Obesity as a Possible Risk Factor for Progression from Monoclonal Gammopathy of Undetermined Significance Progression into Multiple Myeloma: Could Myeloma Be Prevented with Metformin Treatment?


Clinical studies have revealed a remarkable prevalence of diabetes, obesity and cancer in adults over time and with a progressive expansion in the last years. Diabetes mellitus type 2 and cancer share many risk factors, especially obesity and metabolic syndrome, with potential biological connections between the two diseases, as meta-analysis data from prospective cohort studies suggest a modest but consistent direct effect of body mass index (BMI) on the incidence of lymphoma, Multiple Myeloma, increased risk of leukaemia in adults, increased risk of Monoclonal Gammopathy Of Undetermined Significance transformation into Multiple Myeloma, and increased risk of death in Multiple Myeloma patients.

The Diabetes Prevention Program study showed that metformin constantly reduced body weight over time, which could explain the diabetes prevention effects of the drug.

Metformin also significantly improved fasting insulin and proinsulin and other adiposity parameters such as BMI, waist circumference, and waist-hip ratio.

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Epidemiological and preclinical research studies indicate that metformin is a potential therapeutic target in patients with leukaemia, lymphomas and Multiple Myeloma. It is expected that the diverse pleiotropic effects of the drug act on multiple targets, specifically in myeloma, in which there is a strong interaction between the clonal plasma cells and the bone marrow microenvironment.

Finally, metformin influences bone turnover because it activates AMP-activated protein kinase, which, in turn, acts as a negative regulator of Receptor Activator of Nuclear Factor Κb Ligand in the differentiation of osteoclasts. Furthermore, metformin might also significantly suppress bone resorption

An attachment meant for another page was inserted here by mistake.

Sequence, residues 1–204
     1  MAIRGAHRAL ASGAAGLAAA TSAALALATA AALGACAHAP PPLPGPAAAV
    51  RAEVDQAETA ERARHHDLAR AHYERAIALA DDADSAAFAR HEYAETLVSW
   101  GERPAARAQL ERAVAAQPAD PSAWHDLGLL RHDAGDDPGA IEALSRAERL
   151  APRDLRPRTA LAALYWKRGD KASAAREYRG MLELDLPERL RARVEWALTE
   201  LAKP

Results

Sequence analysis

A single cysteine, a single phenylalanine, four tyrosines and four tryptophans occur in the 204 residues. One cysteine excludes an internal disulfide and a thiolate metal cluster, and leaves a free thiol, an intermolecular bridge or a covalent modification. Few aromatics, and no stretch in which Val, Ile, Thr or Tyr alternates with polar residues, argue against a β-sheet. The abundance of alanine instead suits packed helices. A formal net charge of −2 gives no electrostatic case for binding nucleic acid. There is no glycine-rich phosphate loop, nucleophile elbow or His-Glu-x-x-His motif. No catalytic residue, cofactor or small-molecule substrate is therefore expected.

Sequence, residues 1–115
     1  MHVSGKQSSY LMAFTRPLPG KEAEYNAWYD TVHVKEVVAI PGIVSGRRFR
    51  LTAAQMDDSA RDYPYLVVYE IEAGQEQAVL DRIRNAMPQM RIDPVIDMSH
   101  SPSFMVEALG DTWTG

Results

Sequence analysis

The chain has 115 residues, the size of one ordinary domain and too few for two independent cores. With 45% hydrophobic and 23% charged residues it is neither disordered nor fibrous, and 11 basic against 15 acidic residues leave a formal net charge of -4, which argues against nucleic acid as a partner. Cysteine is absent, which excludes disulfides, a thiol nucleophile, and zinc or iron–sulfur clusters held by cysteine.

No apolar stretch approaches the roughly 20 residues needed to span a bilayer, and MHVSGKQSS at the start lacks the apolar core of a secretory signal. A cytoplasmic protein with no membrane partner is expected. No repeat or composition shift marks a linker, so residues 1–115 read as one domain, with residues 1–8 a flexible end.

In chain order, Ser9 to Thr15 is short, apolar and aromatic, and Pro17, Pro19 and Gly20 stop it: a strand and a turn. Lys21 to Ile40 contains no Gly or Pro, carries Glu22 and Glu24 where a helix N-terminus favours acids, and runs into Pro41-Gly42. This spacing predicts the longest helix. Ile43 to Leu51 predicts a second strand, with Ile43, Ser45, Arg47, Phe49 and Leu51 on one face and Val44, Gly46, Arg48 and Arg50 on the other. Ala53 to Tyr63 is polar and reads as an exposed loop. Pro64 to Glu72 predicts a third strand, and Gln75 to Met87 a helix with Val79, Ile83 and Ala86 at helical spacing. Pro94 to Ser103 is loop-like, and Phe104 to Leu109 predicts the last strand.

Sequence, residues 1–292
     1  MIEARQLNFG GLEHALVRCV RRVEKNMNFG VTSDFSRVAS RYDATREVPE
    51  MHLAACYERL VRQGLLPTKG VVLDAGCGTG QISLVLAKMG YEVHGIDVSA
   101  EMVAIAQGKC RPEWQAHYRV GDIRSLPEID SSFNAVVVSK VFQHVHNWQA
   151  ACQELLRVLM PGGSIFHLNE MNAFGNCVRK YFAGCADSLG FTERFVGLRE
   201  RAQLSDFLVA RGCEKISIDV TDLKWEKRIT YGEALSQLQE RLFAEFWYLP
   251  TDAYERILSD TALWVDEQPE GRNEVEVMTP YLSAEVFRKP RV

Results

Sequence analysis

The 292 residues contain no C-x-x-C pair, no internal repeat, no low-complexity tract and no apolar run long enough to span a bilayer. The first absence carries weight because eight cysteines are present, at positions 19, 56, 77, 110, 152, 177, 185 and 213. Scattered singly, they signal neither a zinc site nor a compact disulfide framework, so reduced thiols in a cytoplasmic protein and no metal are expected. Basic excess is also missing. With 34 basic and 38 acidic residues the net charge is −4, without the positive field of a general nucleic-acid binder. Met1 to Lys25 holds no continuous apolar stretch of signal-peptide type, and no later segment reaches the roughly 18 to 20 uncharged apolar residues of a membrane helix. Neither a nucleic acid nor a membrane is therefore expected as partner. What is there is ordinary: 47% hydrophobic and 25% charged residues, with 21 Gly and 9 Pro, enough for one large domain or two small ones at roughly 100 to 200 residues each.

New epidemiological and preclinical research points to metformin as a potential therapeutic target in patients with Multiple Myeloma. Although epidemiological studies have reasonably and consistently reported reduced Multiple Myeloma incidence and/or mortality in diabetic patients who receive metformin, many sampled their case study retrospectively from the hospital or clinical registries rather than population-based registries, restricting external validity and inserting potential selection biases. Some studies did not exclude individuals with a prior cancer diagnosis, thus presenting a possible reverse causation bias. Many studies included patients exposed to various treatments for diabetes, complicating the analysis of metformin associations. Self-reporting of crucial data such as concomitant medication use and cancer risk factors such as obesity, tobacco use, and family history may have provided exposure biases.


Assuming that 3% of adults over the age of 50 have Monoclonal Gammopathy of Undetermined Significance and the increasing numbers of diabetes and obesity in the world population, less toxic approaches are needed to minimize the chances of Monoclonal Gammopathy of Undetermined Significance to Multiple Myeloma progression. Antidiabetic drugs such as metformin are low-cost and safe, and studies have demonstrated their potentially protective roles in cancer, Multiple Myeloma, and Monoclonal Gammopathy of Undetermined Significance to Multiple Myeloma progression. Interventions with minor results may have a meaningful influence on the cumulative disease load. Considering the pleiotropic effects (direct and indirect) of metformin on the bone marrow milieu, it is essential to investigate the mechanisms involved in the preventive effects of the drug in the progression of Multiple Myeloma, in order to indicate its proper use in this context.


Thank& Regards

Lucy Morgan

Editorial assistant

Journal of Medical Research & Health Education

Email: medresearch@echemistry.org